How Green is Hong Kong?

Air Pollution vs Organic Products

One metropolis, yet two different worlds: Hong Kong’s western-orientated citizens pay attention to a healthy lifestyle, whilst environmental pollution levels reach an all-time high.
Image of article:  Air Pollution vs Organic Products
Photographer: Sven Christopher Wagner · Copyright: Sven Christopher Wagner

A Cosmopolitan City with Potential

Located along the southern coast of China, with a population of over 7 Million people, and total land surface of 1100 square kilometres, Hong Kong is considered one of the most cosmopolitan cities of the region. Official languages spoken in this city include Chinese and English. As a result of its ever-growing financial and economic sector, more people are locating to this area causing the population rates to experience rapid increases every year. This influx of people presents itself as both an opportunity and threat to the city. Due to the strains on infrastructure and the environment, Hong Kong has recently become an attractive site for investments into the concept of “green and sustainable” living. Of all parks and natural areas, 70% remain vacant, which aims to balance out the rest of the city, which is often densely populated. Yet since the population density is so high within the city, fine dust, waste, and water pollution are contributing to a rise in severe health problems. 

Smog Replacing Air in Hong Kong 

The name “Hong Kong”, when directly translated, stands for “fragrant harbor.” Today, however, the term turbid would be more apt in describing this city. The air particle pollution is so high that buildings disappear behind a grey veil of smog. The World Health Organization (WHO) has recorded an all-time plunge in the air quality upon the recording of the worst level of air particle pollution Hong Kong has ever seen. The measurement taken in Hong Kong has been recorded as being four times higher than the acceptable value of 20 micrograms per day. The government is thus planning to set new limits to these values in order to improve the quality of the city’s air. Another additional environmental problem that is becoming all the more worrying is the amount of annual garbage production. On average, Hong Kong produces approximately 921kg of garbage per year. In stark contrast, Japan, a neighboring country, produces only 410kg per year. The government has shared their concerns suggesting that the only way this situation can be brought under control is through awareness and recycling, as opposed to just expanding the size of the garbage dumps.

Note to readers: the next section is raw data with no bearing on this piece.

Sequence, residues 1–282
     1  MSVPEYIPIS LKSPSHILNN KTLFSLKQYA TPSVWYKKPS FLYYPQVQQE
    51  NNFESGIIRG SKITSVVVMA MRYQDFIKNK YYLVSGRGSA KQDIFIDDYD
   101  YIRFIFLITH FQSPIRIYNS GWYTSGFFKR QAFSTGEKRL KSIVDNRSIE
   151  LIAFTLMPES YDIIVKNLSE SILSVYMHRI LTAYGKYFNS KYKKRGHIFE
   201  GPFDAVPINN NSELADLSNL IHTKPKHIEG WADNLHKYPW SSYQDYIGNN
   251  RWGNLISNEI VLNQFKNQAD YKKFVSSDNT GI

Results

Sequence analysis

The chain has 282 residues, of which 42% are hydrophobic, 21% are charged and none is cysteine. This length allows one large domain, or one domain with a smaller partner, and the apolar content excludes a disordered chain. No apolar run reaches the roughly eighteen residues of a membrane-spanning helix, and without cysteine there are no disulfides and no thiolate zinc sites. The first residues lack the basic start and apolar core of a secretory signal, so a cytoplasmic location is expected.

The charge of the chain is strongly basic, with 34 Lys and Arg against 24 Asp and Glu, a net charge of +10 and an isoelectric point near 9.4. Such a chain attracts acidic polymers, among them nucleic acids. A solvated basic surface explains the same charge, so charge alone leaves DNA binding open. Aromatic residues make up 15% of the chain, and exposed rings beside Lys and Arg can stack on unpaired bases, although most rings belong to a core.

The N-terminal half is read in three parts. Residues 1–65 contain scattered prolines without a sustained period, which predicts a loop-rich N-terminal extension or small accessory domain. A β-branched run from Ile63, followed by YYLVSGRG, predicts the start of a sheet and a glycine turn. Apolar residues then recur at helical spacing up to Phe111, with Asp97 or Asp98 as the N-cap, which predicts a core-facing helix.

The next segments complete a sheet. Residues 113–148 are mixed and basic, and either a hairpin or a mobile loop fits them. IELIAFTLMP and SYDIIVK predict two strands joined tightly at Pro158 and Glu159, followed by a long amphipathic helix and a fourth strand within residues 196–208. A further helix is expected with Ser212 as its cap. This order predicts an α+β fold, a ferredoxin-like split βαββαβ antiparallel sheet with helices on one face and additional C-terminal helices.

Organic Hotspots in Hong Kong

Modern Living and Thinking

While the city is striving to conquer these environmental challenges, the citizens of Hong Kong are taking the matter of their health into their own hands. Numerous organic, natural, and health food stores and markets have come to enrich the commercial segment of Hong Kong. Whoever is planning on taking a trip into the city on the Pearl River should view our recommendations regarding Hong Kong’s green hotspots, which are marked on the following map. On our list of recommendations you will find six stores of the Green Dot Dot company, which offers you a wide variety of imported organic products that are not genetically modified. Mothers will find everything they need in Organic Ma Ma, a store that provides products such as food and clothing for infants and children. Another one worth visiting is Well Being 360, as it is the ideal store to purchase local organic products. The aforementioned stores represent a small selection of the myriads of stores that help make Hong Kong a greener and cleaner place. 

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17.06.2014 · 16:22 · Author: Nancy Riegel (translated by Nicholas Gregg) · Category: Travel
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